SSL provides authentication, confidentiality and integrity. Authentication of the server, and less commonly used the server can also request authentication of the client. The confidentiality and integrity relies on pretty good theoretical grounds in hard-core cryptography so not much else needs to be said there. Most reasonable ciphers are computationally infeasible to crack. The authentication is what really distinguishes a public key infrastructure such as SSL/TLS from conventional cryptography where security basically depends on two parties sharing a common secret. So the title of the blog post sounds like it's contrary to security best practice, right?
There are a few problems with this though. Rule 1 - Use private SSL certificates for enterprise server side applicationsThe certificate or the private CA will then have to be installed into the certificate trust store manually. Scalability Best Practices: Lessons from eBay. At eBay, one of the primary architectural forces we contend with every day is scalability.
It colors and drives every architectural and design decision we make. With hundreds of millions of users worldwide, over two billion page views a day, and petabytes of data in our systems, this is not a choice - it is a necessity. In a scalable architecture, resource usage should increase linearly (or better) with load, where load may be measured in user traffic, data volume, etc. Where performance is about the resource usage associated with a single unit of work, scalability is about how resource usage changes as units of work grow in number or size. Said another way, scalability is the shape of the price-performance curve, as opposed to its value at one point in that curve.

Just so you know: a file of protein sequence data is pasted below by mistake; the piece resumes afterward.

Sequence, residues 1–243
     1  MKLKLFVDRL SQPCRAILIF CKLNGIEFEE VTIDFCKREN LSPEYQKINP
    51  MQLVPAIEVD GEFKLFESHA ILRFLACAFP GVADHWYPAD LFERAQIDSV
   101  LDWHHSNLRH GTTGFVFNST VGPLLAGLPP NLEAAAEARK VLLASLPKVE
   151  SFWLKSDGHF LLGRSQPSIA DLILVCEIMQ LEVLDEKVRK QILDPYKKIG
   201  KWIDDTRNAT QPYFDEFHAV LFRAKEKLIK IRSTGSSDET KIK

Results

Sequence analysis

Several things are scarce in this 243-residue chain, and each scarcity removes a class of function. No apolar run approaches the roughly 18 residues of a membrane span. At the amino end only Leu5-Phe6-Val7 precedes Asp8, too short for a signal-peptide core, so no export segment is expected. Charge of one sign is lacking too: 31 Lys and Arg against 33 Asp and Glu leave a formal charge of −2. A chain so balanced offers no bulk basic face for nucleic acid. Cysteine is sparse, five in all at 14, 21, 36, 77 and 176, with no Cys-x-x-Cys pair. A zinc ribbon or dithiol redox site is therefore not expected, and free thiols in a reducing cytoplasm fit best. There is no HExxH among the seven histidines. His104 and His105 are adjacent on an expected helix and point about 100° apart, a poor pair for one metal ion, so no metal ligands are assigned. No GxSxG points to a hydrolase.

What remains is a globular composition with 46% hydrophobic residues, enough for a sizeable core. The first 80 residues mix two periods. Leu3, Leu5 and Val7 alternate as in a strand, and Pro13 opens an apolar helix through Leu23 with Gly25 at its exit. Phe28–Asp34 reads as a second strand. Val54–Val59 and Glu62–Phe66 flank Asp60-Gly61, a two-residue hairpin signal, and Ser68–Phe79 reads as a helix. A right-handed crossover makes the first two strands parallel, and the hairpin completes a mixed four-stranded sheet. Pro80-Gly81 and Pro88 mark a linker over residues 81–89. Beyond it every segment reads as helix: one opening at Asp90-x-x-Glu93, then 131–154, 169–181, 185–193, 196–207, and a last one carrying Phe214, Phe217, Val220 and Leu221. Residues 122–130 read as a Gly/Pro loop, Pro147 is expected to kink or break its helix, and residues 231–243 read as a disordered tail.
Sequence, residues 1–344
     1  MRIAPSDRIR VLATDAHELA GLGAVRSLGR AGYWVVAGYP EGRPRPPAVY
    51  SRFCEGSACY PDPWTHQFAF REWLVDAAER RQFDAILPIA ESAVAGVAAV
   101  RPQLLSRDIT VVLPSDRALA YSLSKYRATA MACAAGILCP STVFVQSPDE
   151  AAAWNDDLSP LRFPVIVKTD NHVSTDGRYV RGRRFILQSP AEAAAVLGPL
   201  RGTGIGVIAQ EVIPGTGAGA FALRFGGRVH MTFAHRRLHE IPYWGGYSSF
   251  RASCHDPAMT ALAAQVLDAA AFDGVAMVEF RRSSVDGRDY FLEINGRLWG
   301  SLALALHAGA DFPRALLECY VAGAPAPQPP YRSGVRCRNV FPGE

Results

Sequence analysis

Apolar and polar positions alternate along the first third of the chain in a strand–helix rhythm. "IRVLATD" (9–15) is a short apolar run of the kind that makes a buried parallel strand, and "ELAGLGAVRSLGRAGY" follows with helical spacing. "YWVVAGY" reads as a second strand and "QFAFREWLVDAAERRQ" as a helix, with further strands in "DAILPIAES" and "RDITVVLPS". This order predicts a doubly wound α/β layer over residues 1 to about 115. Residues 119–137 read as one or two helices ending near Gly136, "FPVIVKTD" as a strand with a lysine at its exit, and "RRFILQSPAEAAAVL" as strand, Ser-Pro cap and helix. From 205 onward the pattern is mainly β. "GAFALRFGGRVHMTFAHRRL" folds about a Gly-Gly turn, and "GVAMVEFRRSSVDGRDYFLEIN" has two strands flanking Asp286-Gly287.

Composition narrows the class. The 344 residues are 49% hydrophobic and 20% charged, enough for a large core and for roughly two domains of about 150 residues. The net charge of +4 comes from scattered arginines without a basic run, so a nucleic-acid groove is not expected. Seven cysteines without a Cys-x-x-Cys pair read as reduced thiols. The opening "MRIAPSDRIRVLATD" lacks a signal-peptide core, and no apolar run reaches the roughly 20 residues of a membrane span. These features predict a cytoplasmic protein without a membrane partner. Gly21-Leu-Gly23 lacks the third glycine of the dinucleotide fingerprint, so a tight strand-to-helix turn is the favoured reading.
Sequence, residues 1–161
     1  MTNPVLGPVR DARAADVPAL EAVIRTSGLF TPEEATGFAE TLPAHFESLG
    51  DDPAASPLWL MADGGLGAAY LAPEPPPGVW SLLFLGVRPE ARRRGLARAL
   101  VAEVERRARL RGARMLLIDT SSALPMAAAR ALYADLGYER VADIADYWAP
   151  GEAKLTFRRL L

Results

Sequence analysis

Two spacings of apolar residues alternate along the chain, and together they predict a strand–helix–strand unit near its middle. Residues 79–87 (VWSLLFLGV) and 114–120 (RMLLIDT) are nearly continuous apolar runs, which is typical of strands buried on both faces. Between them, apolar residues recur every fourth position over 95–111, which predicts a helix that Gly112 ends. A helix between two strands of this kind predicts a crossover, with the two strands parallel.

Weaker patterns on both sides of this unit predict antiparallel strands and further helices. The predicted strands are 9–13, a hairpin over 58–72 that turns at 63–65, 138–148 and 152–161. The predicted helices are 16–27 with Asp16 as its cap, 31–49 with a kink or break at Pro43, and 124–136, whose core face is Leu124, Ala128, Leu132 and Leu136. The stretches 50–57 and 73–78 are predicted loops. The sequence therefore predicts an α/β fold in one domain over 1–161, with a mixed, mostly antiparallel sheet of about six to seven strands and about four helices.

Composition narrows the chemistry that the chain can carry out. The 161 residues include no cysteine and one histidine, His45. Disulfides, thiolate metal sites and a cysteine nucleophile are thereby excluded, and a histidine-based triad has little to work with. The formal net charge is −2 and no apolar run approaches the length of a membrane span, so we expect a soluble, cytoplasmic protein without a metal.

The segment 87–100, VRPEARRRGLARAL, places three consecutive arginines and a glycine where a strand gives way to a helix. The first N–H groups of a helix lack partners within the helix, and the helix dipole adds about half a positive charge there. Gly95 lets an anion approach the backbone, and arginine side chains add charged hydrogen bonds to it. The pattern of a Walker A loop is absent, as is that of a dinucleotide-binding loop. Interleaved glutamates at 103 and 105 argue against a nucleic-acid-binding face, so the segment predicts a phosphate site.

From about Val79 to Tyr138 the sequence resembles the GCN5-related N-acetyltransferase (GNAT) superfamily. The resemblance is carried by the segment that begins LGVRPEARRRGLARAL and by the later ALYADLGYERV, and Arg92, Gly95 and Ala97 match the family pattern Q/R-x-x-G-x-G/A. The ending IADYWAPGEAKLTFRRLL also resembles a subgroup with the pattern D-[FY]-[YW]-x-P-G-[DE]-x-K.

There are many facets to scalability - transactional, operational, development effort. Best Practice #1: Partition by Function At the code level, we all do this all the time. Scalability. Scalability is the ability of a system, network, or process to handle a growing amount of work in a capable manner or its ability to be enlarged to accommodate that growth. For example, it can refer to the capability of a system to increase its total output under an increased load when resources (typically hardware) are added.
An analogous meaning is implied when the word is used in an economic context, where scalability of a company implies that the underlying business model offers the potential for economic growth within the company. Scalability, as a property of systems, is generally difficult to define and in any particular case it is necessary to define the specific requirements for scalability on those dimensions that are deemed important. It is a highly significant issue in electronics systems, databases, routers, and networking. A system whose performance improves after adding hardware, proportionally to the capacity added, is said to be a scalable system. Measures .